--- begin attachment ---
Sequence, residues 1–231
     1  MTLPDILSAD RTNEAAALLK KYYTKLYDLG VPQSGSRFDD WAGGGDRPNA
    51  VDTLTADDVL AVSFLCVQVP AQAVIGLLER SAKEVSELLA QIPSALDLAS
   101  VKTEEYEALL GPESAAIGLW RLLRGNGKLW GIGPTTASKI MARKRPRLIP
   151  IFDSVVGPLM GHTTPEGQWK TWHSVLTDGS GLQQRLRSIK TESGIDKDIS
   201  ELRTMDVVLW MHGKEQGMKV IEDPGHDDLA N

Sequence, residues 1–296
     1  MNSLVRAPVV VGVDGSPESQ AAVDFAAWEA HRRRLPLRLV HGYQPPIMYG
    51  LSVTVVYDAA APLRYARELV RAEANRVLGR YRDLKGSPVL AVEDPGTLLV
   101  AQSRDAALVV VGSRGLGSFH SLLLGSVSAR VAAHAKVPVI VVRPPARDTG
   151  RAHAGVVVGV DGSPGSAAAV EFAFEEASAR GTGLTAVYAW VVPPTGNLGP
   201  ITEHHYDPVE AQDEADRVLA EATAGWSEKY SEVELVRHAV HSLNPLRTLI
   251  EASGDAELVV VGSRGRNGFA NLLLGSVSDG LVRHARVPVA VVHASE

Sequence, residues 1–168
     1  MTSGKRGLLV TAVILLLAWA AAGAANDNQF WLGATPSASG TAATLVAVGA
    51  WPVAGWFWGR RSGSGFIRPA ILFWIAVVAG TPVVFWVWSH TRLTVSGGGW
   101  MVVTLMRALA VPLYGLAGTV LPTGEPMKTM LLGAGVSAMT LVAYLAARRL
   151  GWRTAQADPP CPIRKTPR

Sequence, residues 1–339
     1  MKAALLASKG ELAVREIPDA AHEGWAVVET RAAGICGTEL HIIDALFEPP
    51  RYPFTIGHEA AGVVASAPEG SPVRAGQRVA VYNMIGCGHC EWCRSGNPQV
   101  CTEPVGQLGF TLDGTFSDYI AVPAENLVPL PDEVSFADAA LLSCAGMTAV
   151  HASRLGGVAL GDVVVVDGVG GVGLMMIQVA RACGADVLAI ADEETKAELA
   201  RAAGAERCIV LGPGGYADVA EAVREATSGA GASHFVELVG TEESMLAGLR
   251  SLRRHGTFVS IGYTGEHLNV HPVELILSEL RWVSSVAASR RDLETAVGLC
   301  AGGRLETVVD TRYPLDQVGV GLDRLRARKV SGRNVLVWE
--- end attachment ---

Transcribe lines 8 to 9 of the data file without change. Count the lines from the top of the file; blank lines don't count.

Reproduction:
     1  MNSLVRAPVV VGVDGSPESQ AAVDFAAWEA HRRRLPLRLV HGYQPPIMYG
    51  LSVTVVYDAA APLRYARELV RAEANRVLGR YRDLKGSPVL AVEDPGTLLV